Ice Haven is a lovingly-crafted, somewhat romantic portrayal of a quiet midwestern town and the people who live there. It's a peep beyond the white picket fence and twitching curtains of smalltown, suburban life, and actually, there are a lot of similarities with David Lynch's work to be found, minus the disturbingly graphic psychosexual violence of, say, 'Blue Velvet'.

Although the main narrative thread concerns a child abduction, which in itself is influenced by the real-life Leopold and Loeb child murder, Clowes simply uses this as a backdrop on which to pin the various characters he explores and we are treated to a wonderful series of short, interwoven vignettes, glimpses into the dysfunctional lives of the inhabitants of Ice Haven. All in all, it's classic Clowes - a cast of misfits and outsiders, their lives touched with a vague sense of ennui, loneliness and nostalgia, alienation and missed opportunity, bitterness and regret, apathy and empathy and everything inbetween, and it's all explored with the usual wit, humour, subtlety and sensitivity that we've come to expect and which sets Clowes' work apart from the pack. I've read it twice now and look forward to many more readings in the future. This is yet another work of genius from Mr. Clowes.
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3 of 3 people found the following review helpful
4.0 out of 5 stars My Little Corner of The World, 10 April 2008
This review is from: Ice Haven (Hardcover)
Although not as overtly ambitious as the cinematic "David Boring", or as emotionally intimate as "Ghost World", "Ice Haven" is still as rich and unique as Clowes' two best known works. In form it resembles a less profane and (relatively) more stable version of his "Eightball" comics, as the books shifts focus from character to character in the suburban neighbourhood of "Ice Haven". Like "Eightball" Clowes not only imbues each of his characters not only with their own voices, but on occasion with their own art style, which range from the Clowes' usual blank, distant and beautiful drawings to an overtly cartoonish look. The various storylines and lives do not so much collide as they do pass each other by, and whilst the main storyline concerns the kidnap of young David Goldberg, Clowes is more keen to inhabit the minds of his characters, and even give us some insight into the history of his fictitious town. Clowes is very much of the "show-don't-tell" school of storytelling, and sometimes the biggest plot developments occur in a tiny line of dialogue, or in the white margins between the panels.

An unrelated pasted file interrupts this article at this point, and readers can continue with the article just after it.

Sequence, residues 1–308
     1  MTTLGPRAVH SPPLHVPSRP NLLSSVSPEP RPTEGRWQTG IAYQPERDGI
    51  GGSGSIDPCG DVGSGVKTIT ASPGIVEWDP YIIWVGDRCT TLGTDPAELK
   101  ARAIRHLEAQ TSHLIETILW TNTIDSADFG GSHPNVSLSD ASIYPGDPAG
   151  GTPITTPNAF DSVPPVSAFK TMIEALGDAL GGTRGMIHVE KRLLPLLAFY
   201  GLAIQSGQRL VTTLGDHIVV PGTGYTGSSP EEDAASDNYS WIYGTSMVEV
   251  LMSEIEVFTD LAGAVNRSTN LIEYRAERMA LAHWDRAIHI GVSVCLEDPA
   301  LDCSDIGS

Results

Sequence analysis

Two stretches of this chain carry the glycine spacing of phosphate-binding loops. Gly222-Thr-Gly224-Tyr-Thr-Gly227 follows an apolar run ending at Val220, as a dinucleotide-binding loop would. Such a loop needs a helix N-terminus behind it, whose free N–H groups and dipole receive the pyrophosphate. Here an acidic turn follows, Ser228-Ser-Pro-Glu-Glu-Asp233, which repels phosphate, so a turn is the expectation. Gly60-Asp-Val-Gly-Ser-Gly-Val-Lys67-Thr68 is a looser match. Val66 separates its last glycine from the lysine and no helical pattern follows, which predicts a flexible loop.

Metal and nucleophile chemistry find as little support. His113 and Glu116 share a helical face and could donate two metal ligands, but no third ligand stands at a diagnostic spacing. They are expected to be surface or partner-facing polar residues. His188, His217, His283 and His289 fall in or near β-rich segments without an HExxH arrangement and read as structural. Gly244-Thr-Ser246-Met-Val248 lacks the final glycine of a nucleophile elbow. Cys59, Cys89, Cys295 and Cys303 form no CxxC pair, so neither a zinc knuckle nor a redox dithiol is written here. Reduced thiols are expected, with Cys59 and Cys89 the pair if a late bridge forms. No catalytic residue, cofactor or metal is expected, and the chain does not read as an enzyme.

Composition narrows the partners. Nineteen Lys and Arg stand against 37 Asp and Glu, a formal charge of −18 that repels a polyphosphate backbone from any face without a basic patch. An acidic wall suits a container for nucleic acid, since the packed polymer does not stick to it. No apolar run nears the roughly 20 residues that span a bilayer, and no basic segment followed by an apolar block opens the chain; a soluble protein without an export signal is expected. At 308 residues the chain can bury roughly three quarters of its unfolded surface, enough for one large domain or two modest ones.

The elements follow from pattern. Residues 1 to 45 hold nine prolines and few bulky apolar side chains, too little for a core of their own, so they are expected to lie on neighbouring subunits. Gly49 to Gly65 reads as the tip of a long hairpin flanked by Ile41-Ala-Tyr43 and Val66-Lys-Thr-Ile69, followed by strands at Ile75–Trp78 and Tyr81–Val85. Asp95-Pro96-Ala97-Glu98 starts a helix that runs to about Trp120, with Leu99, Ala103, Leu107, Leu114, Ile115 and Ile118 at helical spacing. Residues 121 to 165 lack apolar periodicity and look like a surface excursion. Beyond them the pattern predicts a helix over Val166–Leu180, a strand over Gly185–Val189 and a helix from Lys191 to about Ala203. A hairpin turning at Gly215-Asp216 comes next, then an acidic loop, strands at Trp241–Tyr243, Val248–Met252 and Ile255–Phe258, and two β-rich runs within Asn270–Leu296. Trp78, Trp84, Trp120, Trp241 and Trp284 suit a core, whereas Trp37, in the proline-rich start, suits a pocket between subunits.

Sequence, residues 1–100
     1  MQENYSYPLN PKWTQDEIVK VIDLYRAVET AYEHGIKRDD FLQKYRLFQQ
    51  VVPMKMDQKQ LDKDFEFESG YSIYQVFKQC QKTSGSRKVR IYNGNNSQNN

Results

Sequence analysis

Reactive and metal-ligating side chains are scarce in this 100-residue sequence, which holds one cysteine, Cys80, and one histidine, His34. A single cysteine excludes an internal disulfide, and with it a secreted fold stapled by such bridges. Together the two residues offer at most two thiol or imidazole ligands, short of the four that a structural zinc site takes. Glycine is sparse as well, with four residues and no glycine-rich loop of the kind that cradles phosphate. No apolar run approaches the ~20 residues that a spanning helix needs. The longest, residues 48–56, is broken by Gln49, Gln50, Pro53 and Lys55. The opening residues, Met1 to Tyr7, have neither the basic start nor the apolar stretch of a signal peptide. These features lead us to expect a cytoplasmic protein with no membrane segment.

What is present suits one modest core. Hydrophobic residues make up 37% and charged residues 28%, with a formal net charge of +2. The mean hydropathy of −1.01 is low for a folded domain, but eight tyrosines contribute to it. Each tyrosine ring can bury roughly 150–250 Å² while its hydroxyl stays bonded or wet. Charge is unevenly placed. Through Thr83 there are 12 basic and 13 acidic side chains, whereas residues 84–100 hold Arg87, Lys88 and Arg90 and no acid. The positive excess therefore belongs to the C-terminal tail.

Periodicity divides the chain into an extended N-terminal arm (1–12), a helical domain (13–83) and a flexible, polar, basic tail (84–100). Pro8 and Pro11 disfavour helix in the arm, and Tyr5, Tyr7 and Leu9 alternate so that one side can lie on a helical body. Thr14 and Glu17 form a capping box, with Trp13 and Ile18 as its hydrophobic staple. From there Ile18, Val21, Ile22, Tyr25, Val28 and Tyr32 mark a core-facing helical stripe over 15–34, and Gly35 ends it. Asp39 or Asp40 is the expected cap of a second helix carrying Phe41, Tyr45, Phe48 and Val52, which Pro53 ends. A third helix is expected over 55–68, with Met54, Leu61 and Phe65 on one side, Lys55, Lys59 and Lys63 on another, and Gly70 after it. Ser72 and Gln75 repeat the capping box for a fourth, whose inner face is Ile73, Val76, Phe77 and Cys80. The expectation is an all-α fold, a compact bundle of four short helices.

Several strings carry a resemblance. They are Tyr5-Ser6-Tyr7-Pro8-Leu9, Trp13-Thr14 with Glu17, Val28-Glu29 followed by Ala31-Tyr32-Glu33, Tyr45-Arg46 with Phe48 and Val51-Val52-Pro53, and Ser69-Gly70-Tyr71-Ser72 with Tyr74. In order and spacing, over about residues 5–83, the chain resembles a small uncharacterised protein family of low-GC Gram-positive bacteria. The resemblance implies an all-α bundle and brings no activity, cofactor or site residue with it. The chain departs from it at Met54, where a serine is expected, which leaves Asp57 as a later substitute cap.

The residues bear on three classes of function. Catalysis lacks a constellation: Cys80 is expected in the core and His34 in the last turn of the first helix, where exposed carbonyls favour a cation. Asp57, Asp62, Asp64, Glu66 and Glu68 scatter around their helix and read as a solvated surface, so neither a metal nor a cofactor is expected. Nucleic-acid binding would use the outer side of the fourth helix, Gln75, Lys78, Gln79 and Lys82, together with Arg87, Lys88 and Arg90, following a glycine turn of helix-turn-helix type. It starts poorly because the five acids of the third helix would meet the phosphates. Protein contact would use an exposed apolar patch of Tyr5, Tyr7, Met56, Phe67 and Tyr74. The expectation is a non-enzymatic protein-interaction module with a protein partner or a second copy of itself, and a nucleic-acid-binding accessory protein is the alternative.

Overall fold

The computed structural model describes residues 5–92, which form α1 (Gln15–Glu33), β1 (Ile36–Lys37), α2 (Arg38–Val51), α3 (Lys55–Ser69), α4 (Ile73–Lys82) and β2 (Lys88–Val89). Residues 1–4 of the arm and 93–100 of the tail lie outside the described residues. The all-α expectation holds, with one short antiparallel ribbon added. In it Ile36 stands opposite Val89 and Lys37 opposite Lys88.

It is not a comic that will be to everyone's fancy, and people may have trouble with Clowes' unremmittingly detached storytelling, but for those who are Clowes fans, or are looking for a comic book with a difference, "Ice Haven" is certainly worth a visit.
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1 of 1 people found the following review helpful
5.0 out of 5 stars A book to savour and to read and re-read, 4 April 2014
This review is from: Ice Haven (Hardcover)
This is a book to savour and to read and re-read.

In my first reading not much seemed to be happening, but gradually I found myself pulled in deeper and deeper as the series of vignettes progressed. At first impression these ordinary individuals from the small town of Ice Haven appear relatively innocuous and uncomplicated, but, like apparently ordinary individuals just about anywhere, inwardly they seethe with myriad emotions and ambitions. The skill of the creator is shown in how he draws you into this world and enables you to find something new to savour with each further reading.

Here you meet people such as undiscovered poet extraordinaire Random Wilder, hardbitten gumshoe with a core of vulnerability Joe Ames, children such as love-smitten Charles, disturbed Carmichael, rabbit-hugger George and silent Daniel, young adults such as ignored writer Vida, desperate romantic Violet and cynical Kim.

Ice Haven is a town where nothing ever happens, or does it? Another remarkable creation by Daniel Clowes.
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1 of 1 people found the following review helpful
5.0 out of 5 stars Alone and unheard, 25 April 2012
By 
Jack Heslop - See all my reviews
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This review is from: Ice Haven (Hardcover)